Reinvention and the hope of the Hyatt await at Railroad Square – Tallahassee Democrat

Posted: August 14, 2020 at 5:49 am

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Marina Brown, Democrat correspondent Published 12:01 p.m. ET Aug. 13, 2020


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The landscape has changedin the Railroad Square Art District, with a new hotel nearly complete but a pandemic underway.

So recently a First Friday hub, the artsy district of nearly 70 eateries, galleries, and funky collectibles is under stress and hours have been limited.

Likeall other small business owners in these COVID times, the people are intrepid, brave, frightened, fighting, and above all welcoming. They are people with dreams of offering to the public things they have made with their own hands, cooked on their own stoves, or conceived as delights for the people of Tallahassee.

Theyd taken the leap, rented the space, and filled their establishments with surprises from art to soap to comics and furniture with whimsical paint.

And now they wait. But outwaiting a virus is a tricky thing. And the entrepreneurs of Railroad Square hope they can hold on hope they can count on locals to remember them.

Village Art in Railroad Square(Photo: Alicia Devine/Tallahassee Democrat)

It seems like another life now, but tenants remember how, First Fridays at Railroad Square had become a sprawling block party filled with food, fun and purchases, before it was shut down in March. Business was good and the anticipated opening of the nearby Hyatt House Hotel seemed to assure plenty of new visitors and football game attendees who would discover the Arts District steps away.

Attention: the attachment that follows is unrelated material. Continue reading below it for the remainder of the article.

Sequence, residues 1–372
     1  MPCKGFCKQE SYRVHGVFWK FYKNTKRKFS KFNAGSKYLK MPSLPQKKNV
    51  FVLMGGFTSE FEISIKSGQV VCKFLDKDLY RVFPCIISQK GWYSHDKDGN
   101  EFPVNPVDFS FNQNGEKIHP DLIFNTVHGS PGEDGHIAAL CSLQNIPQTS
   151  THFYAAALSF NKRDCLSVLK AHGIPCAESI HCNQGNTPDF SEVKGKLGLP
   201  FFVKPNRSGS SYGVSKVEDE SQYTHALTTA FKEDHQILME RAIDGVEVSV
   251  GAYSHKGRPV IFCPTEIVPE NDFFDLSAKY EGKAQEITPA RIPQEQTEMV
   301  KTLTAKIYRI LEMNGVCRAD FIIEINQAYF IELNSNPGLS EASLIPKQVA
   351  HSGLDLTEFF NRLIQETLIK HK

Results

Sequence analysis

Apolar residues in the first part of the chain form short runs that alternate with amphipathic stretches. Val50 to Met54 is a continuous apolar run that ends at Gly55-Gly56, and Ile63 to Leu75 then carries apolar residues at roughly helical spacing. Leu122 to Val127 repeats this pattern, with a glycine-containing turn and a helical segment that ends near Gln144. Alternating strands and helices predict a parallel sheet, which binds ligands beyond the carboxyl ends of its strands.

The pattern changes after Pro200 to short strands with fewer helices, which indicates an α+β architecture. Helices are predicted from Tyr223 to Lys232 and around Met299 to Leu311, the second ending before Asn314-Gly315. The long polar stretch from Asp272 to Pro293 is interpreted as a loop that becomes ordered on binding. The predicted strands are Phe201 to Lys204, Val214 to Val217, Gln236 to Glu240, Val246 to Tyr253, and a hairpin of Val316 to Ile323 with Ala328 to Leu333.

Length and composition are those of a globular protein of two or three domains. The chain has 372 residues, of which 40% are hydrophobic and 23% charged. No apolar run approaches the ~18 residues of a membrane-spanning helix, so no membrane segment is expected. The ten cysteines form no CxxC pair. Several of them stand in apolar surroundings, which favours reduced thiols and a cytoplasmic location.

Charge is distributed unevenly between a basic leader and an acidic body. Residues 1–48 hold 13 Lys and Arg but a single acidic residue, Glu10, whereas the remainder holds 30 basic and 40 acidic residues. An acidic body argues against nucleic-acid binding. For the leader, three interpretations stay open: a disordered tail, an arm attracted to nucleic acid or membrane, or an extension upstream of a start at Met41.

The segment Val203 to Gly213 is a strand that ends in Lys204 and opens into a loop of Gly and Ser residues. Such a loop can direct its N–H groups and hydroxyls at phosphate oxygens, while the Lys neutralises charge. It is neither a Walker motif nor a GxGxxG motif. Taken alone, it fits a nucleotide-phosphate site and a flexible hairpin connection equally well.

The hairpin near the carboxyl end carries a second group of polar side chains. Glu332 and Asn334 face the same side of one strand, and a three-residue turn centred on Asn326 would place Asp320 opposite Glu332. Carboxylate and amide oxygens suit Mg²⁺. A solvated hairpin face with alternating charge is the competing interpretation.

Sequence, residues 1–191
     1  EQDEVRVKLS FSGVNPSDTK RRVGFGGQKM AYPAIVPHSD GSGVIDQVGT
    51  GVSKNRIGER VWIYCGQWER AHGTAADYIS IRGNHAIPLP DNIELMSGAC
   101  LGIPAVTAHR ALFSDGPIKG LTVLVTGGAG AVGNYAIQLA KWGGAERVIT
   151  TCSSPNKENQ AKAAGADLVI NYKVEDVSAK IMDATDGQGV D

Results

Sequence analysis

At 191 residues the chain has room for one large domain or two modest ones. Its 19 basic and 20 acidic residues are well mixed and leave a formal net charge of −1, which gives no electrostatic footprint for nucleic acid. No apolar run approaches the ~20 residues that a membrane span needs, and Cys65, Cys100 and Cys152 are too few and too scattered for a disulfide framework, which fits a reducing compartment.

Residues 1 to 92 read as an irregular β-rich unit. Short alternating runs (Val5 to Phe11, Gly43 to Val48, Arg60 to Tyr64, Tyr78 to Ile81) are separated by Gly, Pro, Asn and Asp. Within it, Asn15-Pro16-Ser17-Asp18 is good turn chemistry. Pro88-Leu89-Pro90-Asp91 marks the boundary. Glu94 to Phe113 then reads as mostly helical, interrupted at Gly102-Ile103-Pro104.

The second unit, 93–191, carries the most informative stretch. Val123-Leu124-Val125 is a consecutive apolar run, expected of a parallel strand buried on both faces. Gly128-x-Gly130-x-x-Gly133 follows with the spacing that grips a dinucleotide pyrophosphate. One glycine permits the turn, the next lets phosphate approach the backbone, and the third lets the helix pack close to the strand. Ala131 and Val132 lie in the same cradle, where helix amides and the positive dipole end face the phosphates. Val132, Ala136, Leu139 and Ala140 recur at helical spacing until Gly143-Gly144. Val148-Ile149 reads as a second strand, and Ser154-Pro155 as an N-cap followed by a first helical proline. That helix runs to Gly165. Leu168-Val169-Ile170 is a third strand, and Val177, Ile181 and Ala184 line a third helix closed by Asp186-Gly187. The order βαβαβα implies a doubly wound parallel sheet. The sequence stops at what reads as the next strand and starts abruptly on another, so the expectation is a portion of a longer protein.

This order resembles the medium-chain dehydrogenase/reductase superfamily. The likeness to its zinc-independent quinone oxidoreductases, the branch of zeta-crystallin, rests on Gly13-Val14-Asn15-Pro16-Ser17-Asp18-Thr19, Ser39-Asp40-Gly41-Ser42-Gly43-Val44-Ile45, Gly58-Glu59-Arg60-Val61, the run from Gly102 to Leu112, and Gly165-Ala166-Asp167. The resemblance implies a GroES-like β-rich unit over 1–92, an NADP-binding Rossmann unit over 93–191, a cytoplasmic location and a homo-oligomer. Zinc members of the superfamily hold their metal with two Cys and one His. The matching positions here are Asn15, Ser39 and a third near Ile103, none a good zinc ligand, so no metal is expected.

Gamescape in Railroad Square(Photo: Alicia Devine/Tallahassee Democrat)

Things are different now, of course, but even though there have been those who couldnt stick it out several tenants say they know of eight to 10 who have had to close up shopothers intend to hold on as long as they can. And theyre doing it by modifying, adjusting, and tightening their business belts.

Ashley Larney, who works at Gamescape and Cafe says that the cafe is closed and the entire game room, where board and card games are played, is suspended. Yet the store has increased the number of products theyre sellingconsole systems, X-boxes, video and board games. Local sales are down, she says, But online sales have increased. But, whereas before the lively game room would have been filled with 35-40 people, today it is oddly quiet.

Iron Vault in Railroad Square(Photo: Alicia Devine/Tallahassee Democrat)

Brett Fain, an owner of Iron Vault, a gym and training site for goal-oriented Strong Man aficionados says the period when gyms were totally shut down was hard. What was great though, is that the people who train with us wouldnt stop paying, even though they couldnt come in. Now, the gym practices strict disinfecting, mask-wearing, and organized hours for training. Even though we got some federal aid and a local grant, our business is down 30-40%, and that hurts. Nevertheless, Brett Fain says, Were gonna make it.

At the Foto Studio, Bob OLary is one of the affable partners. Photos of events and portraits line his shop. First Fridays were wonderful we would have 50-80 walk-ins. Now, its rare to have someone just walk in the door. He says that you can tell when a business has had to close. Youll suddenly see tables and chairs and display cases sitting outside their store. Weve lost six big corporate conventions we were going to photograph, he says, though he hopes other events, like weddings will keep things alive.

One of the other photographers at Foto Studio, Katie Clark, has, however, received some happy news.

Construction continues during the COVID-19 pandemic on the Hyatt hotel by Railroad Square. (Photo: Alicia Devine/Tallahassee Democrat)

Lily Boynton Kaye, co-owner of Railroad Square says that developer Stephen Wendell of Mountain Shore Properties and the Hyatt Hotel corporate decision-makers have selected Clarks photos to be featured in the guestrooms of the 120-room property.